As the people of Judah endured exile, God proved that He stayed with His people, and protected them. We find this particularly true in the aid that God gave Daniel, Hananiah, Azariah, Mishael, and Esther. However, after seventy years, just as had been prophesied, a group of Jews were allowed to go back to their land that had been destroyed by the Babyalonians. 

Just like the manner in which they were exiled, the people of Judah return to the promised land in three waves. In the first wave, King Cyrus receives divine instruction to send the exiles back to their land. Led by Zerubbabel of the Davidic line, they come back to Jerusalem to rebuild the temple. They first rebuilt the altar of sacrifice, then the temple was completed after considerable delays. At its dedication, there was much rejoicing and celebration. Yet, amongst the elders there was much sadness. The temple did not compare to the one that Solomon had built. In addition, the previous two sanctuaries (Moses’ meeting tent and Solomon’s temple) were enveloped by a fiery glory cloud of God. At this temple’s dedication, the glory cloud of God did not return. 

About sixty years after the dedication of the second temple, King Artaxerxes sends Ezra to teach the Torah and rebuild the Jewish community in Jerusalem. Ezra does so and the Torah is proclaimed yearly to remind the people to remain pure. It is here that literalism of the Torah begins to take form. The people were so scared of losing their homeland again that some began a fundamentalism surrounding commands of Torah. Ezra was particularly keen on making sure all foreigners were removed from the land, and ordered all Jews to divorce the foreigners they had married after or during the exile. Some complied, some did not.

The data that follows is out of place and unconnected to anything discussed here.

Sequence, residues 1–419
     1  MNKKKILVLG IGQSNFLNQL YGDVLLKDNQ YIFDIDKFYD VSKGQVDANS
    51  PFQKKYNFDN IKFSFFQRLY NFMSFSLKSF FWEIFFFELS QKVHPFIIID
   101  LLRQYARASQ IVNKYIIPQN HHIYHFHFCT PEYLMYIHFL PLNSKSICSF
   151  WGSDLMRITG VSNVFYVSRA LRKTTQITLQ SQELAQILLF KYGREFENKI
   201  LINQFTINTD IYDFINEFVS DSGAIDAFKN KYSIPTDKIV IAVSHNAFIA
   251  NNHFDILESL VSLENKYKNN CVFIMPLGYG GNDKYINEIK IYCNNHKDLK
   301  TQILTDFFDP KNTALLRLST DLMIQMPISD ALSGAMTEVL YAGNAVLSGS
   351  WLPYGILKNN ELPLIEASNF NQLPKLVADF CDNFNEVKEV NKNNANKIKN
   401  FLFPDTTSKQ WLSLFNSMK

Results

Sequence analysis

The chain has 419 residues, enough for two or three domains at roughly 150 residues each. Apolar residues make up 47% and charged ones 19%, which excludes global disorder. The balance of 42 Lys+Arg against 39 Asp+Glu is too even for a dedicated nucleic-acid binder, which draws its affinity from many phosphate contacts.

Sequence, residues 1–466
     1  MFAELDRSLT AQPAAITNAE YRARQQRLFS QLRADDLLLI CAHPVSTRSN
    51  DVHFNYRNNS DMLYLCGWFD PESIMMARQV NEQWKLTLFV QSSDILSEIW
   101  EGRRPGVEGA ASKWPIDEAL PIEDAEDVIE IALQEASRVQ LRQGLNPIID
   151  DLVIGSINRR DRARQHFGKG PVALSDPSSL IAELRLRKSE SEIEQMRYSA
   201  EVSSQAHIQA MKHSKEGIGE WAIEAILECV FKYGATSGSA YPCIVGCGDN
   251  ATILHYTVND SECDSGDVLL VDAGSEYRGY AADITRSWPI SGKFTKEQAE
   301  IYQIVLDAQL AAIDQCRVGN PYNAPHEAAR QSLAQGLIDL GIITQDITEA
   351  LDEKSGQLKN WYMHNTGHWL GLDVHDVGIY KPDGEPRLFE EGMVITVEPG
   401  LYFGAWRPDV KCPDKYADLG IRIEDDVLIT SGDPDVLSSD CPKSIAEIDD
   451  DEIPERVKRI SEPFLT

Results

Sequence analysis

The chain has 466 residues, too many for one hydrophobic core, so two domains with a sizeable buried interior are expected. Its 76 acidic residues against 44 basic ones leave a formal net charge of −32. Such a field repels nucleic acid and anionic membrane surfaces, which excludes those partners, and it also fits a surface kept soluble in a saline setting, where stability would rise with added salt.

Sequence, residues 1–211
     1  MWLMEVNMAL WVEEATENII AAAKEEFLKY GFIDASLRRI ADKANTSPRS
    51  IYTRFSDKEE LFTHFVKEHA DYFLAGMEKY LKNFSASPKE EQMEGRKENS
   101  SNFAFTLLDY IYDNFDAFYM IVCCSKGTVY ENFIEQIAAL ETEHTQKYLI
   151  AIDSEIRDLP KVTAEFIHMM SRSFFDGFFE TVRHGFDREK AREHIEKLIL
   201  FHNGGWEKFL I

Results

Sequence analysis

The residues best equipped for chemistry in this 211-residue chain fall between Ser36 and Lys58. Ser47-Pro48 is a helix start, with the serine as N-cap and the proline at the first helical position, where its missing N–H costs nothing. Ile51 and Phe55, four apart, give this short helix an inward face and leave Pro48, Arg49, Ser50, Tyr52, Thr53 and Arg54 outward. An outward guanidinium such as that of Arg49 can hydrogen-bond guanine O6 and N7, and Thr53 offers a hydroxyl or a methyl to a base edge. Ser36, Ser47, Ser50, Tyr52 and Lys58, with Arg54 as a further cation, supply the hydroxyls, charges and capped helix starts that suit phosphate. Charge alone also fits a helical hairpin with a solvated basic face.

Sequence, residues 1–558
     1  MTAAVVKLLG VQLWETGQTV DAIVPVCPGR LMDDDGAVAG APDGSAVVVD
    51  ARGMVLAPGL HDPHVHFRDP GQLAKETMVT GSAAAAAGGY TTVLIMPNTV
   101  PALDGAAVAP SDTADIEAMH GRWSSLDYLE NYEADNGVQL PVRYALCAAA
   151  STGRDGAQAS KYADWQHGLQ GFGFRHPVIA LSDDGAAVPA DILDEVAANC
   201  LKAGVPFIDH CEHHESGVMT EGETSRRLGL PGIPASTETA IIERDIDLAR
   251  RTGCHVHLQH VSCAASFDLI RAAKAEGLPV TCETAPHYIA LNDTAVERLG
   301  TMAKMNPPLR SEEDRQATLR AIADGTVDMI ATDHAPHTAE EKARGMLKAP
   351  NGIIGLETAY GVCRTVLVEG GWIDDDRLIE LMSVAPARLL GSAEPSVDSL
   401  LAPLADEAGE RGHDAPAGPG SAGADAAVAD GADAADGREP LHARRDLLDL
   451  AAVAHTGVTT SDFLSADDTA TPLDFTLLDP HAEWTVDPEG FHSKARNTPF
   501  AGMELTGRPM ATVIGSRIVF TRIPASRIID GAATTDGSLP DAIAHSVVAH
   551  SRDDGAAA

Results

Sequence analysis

King Artaxerxes later sends Nehemiah, his cupbearer, to rebuild the walls of Jerusalem. Artaxerxes sends with Nehemiah supplies and an armed escort. However, Nehemiah faces resistance to building of the wall because the prophet Zachariah had predicted that the new Jerusalem would have no walls. Nehemiah persists and claims that the inhabitants surrounding Jerusalem could not partake in the city and its walls. Thus Nehemiah had to build the walls under armed guard with fear of sabotage. 

When all the work was completed, a great feast and rededication of the people to God occurred. The festival of booths was also celebrated. Yet, after all of the celebrations, Nehemiah finds that all of the work done has failed to reach its perfection. The Temple was poorly run, the people still broke the sabbath, and the law was broken right outside the city walls. While the people had regained their land in exile, they were falling back into the same sins of their fathers. 

The return from exile was a physical one, but the people had yet to return in their hearts. The descendants of Judah still did not understand what God wanted from them and for them. As a result, the people were still in a state of waiting for the glory of Jerusalem to return. As more and more Jews returned to Jerusalem, messianic expectations grew, especially in the writing of the prophets. The people knew that God would deliver them, but they did not know when and how.